Hundreds of grieving parents blocked the road into a flattened town Thursday as police sought to quell a rising wave of public anger over schools that collapsed in an earthquake a month ago and killed thousands of children.
Volunteers were detained, schools were cordoned off, and reporters were barred from the premises in at least two other towns in a sign of the government's resolve in controlling the media and potential unrest.
Despite assurances by authorities that unfettered coverage would be allowed, dozens of police and paramilitary troops guarded the gate of Juyuan's destroyed middle school as a crowd of about 50 gathered outside. Outside a primary school in Dujiangyan, police and soldiers also stood guard to keep out parents and journalists.
The security measures underscore how much the public fury over the deaths of so many children is unnerving Chinese authorities. Their attempts to rein it in contrast sharply with the relative openness Olympics-conscious Beijing displayed at the start of the disaster.
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Across the quake zone, tempers flared among parents as they marked the one-month anniversary of the May 12 quake.
“We're dispirited. Our children have been dead for a month,” said Wang Ping, whose 16-year-old daughter was killed. “I'm 40. All our hopes were in our children. Now they're dead. Our future is dead, too.”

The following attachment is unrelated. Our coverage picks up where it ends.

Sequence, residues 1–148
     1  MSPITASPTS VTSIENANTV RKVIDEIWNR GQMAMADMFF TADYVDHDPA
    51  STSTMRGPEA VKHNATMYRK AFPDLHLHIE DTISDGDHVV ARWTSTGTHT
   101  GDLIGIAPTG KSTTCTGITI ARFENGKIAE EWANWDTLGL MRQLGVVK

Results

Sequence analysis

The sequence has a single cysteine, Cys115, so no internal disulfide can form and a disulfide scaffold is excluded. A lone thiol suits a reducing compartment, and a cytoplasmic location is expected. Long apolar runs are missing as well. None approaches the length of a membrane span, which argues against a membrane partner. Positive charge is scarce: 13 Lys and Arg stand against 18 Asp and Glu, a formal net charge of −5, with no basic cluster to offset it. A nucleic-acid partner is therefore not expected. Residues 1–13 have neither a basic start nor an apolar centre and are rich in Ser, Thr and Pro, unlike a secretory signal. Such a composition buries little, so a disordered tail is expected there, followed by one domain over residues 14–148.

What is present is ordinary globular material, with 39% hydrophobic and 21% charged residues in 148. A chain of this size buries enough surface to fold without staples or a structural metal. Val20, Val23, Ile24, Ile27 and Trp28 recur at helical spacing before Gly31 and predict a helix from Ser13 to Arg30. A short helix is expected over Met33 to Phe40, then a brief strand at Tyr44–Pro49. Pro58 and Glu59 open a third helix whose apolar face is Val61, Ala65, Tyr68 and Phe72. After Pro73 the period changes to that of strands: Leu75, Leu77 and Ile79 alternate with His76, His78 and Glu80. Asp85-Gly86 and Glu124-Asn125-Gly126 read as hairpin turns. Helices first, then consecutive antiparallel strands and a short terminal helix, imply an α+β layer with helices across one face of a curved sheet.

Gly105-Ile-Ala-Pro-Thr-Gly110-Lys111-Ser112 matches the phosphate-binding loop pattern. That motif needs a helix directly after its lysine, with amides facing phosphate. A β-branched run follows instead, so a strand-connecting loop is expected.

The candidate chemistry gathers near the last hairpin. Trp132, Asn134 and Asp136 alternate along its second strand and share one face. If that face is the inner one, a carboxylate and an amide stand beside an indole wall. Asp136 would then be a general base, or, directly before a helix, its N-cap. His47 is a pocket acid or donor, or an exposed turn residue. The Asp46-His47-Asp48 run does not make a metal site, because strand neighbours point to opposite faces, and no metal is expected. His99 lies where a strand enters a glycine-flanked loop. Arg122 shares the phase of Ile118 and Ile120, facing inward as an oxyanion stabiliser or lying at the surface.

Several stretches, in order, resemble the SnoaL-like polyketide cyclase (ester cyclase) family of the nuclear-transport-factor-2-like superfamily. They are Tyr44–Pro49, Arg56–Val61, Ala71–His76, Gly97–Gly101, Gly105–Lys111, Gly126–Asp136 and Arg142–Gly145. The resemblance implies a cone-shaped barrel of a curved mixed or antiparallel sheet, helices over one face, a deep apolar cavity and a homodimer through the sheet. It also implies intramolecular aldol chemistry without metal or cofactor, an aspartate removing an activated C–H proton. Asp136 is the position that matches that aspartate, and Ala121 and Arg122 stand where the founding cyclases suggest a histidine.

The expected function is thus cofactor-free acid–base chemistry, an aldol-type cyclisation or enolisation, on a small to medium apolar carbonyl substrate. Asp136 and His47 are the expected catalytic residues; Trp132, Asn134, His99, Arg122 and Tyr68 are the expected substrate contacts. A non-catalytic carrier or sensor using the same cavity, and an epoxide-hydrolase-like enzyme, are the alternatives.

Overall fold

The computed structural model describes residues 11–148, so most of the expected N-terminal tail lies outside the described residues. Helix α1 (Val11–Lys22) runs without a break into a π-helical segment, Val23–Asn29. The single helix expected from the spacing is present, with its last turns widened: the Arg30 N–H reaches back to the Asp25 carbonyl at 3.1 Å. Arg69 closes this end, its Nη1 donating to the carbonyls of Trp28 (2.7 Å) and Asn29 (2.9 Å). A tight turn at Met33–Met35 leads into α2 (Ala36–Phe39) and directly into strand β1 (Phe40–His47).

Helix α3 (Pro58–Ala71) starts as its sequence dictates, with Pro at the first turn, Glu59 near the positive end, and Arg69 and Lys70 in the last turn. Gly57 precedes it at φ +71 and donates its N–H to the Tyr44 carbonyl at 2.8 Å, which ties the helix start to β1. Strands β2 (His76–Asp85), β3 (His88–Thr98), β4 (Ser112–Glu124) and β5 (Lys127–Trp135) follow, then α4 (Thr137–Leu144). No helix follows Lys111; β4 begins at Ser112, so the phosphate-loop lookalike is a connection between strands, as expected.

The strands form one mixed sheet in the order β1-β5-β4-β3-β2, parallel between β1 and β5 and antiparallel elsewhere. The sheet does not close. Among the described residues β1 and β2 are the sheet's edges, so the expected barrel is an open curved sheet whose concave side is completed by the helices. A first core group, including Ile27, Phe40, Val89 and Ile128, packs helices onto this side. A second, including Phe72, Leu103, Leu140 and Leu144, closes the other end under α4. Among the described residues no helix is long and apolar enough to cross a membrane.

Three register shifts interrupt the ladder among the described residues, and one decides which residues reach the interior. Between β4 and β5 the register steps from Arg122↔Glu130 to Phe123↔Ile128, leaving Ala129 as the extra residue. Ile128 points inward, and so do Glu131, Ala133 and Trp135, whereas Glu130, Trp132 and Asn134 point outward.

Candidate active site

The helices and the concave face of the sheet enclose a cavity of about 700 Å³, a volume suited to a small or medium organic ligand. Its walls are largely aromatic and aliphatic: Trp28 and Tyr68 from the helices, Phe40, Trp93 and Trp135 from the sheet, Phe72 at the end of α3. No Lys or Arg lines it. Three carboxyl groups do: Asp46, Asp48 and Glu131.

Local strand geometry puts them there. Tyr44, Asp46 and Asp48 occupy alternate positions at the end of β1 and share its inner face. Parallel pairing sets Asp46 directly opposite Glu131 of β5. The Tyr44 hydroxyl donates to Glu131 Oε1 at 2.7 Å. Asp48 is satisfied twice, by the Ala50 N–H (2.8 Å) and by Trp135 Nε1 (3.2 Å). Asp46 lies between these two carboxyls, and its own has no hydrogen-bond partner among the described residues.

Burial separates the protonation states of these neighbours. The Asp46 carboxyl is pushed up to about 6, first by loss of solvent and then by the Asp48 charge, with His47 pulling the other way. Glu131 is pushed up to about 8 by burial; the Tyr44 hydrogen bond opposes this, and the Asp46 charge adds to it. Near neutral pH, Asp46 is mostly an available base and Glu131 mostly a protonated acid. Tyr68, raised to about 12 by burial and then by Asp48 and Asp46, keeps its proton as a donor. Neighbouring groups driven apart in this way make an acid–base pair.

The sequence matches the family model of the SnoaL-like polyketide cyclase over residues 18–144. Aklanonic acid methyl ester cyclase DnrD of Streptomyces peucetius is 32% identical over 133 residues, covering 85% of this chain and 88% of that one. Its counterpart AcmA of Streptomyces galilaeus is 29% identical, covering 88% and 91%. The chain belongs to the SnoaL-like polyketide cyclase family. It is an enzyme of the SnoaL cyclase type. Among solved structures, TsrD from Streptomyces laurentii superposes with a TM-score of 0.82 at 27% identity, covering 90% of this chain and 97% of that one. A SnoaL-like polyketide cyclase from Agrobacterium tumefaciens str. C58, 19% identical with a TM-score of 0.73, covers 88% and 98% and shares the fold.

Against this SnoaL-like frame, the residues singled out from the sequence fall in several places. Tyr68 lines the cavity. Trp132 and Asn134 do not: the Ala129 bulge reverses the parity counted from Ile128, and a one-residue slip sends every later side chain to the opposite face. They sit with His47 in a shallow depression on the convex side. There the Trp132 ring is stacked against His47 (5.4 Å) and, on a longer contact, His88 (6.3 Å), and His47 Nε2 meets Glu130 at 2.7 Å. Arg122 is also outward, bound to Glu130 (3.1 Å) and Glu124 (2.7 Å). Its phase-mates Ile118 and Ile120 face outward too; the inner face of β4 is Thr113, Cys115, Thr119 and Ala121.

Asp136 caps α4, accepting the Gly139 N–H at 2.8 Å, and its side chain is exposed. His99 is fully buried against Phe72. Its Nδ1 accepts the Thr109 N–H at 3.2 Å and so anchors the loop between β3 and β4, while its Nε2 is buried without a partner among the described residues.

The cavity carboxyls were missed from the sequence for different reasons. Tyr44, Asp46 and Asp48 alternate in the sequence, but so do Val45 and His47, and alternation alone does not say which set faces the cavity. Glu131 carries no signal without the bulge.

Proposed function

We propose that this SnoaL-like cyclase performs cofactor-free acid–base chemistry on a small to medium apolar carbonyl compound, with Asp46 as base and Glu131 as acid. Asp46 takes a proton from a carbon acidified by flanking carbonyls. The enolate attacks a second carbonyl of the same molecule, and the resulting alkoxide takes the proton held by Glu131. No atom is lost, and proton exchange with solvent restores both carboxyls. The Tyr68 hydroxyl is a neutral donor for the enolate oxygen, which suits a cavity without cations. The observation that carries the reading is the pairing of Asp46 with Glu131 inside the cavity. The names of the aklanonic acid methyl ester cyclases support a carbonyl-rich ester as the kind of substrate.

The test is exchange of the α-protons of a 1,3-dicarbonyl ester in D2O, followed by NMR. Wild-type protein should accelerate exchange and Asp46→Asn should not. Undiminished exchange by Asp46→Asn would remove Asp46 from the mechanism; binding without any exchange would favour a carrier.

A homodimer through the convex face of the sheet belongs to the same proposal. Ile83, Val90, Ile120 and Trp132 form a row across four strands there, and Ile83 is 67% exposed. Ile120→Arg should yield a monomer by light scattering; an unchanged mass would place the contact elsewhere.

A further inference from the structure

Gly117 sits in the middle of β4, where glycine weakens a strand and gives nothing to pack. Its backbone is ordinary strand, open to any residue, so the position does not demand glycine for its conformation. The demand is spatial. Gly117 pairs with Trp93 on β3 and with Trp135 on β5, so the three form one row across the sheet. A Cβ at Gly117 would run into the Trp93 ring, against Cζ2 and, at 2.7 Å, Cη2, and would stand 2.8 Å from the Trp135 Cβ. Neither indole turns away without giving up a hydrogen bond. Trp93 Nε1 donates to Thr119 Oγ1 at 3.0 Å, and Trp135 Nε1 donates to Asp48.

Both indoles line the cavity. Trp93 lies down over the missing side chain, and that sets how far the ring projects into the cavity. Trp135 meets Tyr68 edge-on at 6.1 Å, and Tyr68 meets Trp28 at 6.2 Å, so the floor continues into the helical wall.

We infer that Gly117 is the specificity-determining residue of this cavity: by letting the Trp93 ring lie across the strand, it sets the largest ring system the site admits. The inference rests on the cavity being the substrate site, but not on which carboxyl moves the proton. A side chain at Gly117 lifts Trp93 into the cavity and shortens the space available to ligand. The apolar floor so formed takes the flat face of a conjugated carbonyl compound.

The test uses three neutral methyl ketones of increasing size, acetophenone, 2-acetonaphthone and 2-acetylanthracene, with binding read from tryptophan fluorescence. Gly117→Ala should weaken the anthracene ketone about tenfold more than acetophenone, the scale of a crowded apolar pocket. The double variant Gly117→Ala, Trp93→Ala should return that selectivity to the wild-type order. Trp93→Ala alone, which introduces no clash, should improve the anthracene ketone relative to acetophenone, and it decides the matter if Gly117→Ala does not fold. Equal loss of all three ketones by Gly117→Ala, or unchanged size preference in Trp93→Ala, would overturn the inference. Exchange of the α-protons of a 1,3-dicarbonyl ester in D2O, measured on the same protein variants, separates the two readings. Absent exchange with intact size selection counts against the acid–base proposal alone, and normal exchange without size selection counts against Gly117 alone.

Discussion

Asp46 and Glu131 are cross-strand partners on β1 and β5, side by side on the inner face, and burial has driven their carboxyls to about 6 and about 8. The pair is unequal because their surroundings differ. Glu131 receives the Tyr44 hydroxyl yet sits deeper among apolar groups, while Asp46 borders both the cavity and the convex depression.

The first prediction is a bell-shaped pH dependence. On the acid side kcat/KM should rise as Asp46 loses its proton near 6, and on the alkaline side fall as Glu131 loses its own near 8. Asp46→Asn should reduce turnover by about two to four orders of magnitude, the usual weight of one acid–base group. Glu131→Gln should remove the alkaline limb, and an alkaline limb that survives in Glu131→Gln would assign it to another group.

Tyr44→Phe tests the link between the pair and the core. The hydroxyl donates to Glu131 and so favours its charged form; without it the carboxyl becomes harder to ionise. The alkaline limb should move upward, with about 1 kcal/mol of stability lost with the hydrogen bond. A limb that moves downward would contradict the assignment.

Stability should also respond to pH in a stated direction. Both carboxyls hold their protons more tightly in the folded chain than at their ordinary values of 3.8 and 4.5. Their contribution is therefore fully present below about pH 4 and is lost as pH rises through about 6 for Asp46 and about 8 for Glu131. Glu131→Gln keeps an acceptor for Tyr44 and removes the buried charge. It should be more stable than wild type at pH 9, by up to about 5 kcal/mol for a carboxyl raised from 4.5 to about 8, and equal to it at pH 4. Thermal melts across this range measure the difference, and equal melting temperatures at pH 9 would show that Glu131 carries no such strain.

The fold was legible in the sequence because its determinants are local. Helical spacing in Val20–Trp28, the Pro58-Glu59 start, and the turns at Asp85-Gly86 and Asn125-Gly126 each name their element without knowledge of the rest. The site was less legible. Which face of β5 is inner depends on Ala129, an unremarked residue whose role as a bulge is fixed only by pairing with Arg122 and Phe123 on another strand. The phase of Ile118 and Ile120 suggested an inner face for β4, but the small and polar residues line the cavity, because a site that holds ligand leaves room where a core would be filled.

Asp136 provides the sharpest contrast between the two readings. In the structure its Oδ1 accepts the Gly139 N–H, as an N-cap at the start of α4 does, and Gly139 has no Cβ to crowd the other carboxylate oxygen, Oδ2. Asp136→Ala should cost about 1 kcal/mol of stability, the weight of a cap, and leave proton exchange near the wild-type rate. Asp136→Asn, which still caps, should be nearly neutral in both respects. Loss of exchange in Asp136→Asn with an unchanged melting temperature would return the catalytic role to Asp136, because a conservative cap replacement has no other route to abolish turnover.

About five miles south of Beichuan, more than 200 parents blocked the valley's sole road, angry because a memorial plaque to dead students had been smashed overnight – and that local officials did not seem to care who was to blame.
The plaque, a shiny polished black stone with gold letters that read “Beichuan May 12 Memorial to Middle School Teachers and Students” had been erected near the school in a small ceremony Monday.
On Thursday, it was in pieces, and parents were demanding to know why authorities were not investigating. They also wanted to know why the school had crumbled so easily. Police stood calmly by as almost 250 parents – some shouting in protest – clogged the road, holding up long lines of traffic in both directions for hours.
“We just want answers from our local leaders,” Fan Xiaorong, whose 18-year-old daughter died, said as tears welled up in her eyes.